The factors that affect your score on a golf course are almost infinite. From the wind conditions to the wetness of the grass to where the pins are located that particular day, many of the elements are out of your hands completely. But one that isn’t is where you tee up your golf ball.
The total distance of a golf course can drastically change depending on which color tees you choose to play from. For example, the infamous Pete Dye Course in French Lick, Indiana, sees more than 2,000 yards of total distance added between the red tees (the closest offered) and the black tees (the farthest offered to amateurs), and 1,000 yards of difference between the white tees (the ones most often played by men with high handicaps) and the black tees.
So, if you choose to play from the black tees, you’d better be able to hammer 300-yard drives straight with regularity or it’s going to be a long, painful day for you, your playing partners and anyone unlucky enough to be behind you on the course.
While there is no official rule about who can play from which tees, the common practice is for women with mid and high handicaps (i.e., those who regularly shoot scores of at least 90) to play from the red tees, and women with low handicaps to play from the white tees.
For men, there are usually many more tee box options in play, but beginners should play from the reds or golds (which are also meant for seniors), high handicappers (i.e., those who regularly shoot at least 100) play from the whites, mid-handicappers from the blues and low-handicappers from the blacks.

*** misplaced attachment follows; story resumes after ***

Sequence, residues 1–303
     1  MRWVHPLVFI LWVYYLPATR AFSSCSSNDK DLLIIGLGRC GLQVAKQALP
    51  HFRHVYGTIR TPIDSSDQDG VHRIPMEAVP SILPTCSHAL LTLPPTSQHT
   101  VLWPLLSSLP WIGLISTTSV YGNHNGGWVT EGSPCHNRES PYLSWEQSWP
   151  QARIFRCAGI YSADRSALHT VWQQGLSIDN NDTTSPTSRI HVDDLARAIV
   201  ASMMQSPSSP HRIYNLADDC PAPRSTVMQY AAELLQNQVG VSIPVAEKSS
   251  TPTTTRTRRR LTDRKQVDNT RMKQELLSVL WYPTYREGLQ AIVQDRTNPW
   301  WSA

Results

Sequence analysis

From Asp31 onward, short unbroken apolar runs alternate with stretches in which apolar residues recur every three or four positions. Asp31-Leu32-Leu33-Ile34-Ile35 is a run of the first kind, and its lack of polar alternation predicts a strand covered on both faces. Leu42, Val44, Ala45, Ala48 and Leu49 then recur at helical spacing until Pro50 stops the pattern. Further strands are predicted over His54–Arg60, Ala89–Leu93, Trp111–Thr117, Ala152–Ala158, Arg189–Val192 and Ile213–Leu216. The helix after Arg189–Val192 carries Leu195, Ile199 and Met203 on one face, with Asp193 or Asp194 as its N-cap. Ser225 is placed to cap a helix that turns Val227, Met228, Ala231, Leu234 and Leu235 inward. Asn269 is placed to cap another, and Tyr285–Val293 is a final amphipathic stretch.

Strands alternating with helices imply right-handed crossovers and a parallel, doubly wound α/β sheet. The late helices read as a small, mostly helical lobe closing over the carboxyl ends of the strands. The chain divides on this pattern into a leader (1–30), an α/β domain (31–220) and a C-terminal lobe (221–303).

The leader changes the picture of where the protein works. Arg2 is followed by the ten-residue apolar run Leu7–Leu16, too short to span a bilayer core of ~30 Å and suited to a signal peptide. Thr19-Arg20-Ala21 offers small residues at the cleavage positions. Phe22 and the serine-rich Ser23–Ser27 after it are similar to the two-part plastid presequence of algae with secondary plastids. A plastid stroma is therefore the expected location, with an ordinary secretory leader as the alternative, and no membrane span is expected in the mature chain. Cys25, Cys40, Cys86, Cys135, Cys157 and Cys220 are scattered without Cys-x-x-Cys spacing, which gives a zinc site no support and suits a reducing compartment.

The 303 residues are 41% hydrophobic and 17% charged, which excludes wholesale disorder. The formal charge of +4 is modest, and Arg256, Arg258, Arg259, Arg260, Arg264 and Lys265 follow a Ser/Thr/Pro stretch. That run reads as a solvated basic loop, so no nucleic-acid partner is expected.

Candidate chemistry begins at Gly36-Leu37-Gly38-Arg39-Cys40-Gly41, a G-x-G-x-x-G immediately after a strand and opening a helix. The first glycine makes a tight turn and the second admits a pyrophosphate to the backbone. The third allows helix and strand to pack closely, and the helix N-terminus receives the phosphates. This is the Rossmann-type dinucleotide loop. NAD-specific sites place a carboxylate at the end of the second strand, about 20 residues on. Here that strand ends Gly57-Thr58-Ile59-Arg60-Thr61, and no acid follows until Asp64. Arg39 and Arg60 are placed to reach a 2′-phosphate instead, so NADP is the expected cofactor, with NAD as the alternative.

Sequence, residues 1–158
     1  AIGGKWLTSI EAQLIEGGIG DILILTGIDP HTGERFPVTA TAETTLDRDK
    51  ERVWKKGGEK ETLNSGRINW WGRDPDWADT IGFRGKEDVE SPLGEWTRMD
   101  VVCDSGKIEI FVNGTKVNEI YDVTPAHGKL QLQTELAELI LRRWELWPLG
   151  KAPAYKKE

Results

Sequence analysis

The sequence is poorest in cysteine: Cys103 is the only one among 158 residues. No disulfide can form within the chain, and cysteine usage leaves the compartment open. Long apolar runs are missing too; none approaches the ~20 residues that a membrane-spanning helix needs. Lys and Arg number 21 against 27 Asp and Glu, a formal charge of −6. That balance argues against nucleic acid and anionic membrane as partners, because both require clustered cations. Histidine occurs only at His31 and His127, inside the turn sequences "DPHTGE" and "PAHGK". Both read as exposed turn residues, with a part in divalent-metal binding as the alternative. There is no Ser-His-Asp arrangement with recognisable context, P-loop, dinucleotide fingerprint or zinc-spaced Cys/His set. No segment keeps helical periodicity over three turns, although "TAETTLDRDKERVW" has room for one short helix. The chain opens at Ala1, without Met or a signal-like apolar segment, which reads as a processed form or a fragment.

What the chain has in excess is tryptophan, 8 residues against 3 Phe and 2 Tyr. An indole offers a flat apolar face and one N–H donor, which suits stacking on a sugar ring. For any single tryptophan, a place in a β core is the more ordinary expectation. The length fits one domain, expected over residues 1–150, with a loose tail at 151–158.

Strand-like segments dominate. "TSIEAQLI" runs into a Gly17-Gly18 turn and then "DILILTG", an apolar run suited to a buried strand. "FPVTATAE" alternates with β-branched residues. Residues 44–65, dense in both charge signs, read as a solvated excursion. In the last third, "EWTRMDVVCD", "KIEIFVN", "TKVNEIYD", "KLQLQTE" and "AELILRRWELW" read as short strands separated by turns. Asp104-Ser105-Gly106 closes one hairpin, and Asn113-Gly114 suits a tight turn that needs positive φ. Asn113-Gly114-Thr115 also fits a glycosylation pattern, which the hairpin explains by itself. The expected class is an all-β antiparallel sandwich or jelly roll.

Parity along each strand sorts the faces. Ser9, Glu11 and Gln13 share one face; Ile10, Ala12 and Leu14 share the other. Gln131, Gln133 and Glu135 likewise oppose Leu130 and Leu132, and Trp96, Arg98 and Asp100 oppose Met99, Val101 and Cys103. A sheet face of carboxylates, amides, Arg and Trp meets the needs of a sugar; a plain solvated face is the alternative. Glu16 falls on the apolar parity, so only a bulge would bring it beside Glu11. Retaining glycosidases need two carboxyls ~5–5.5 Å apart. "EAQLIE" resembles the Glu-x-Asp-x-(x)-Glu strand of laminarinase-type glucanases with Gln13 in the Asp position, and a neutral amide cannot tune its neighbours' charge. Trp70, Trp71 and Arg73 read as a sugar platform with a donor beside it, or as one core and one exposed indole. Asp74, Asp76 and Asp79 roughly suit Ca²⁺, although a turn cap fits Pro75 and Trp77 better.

Unfortunately, pride, hubris and peer pressure often lead inexperienced golfers to play from tees they have no business setting up on, making an already tough game even crueler.
If you prefer a more scientific way to tell which tees you should play from, we found a simple trick online that uses a little math to base your choice on your hitting distance rather than your handicap. The golf teachers at Athletic Motion Golf recently shared an easy formula on Instagram that may improve your scores and help you enjoy the game even more.
The formula just requires you to know roughly how far you hit your 5-iron with regularity. So, if you’re not sure about that, take it out to the driving range and jot down some notes.
According to Athletic Motion Golf, if you multiply your 5-iron distance by 36, it will give you the overall course distance you should be playing. We did some of the math for you here to get you started:
Based on that chart, unless you’re hitting your 5-iron at least 150 yards with regularity, you probably shouldn’t even be at the white tees yet. Move up a few yards and watch your scores improve!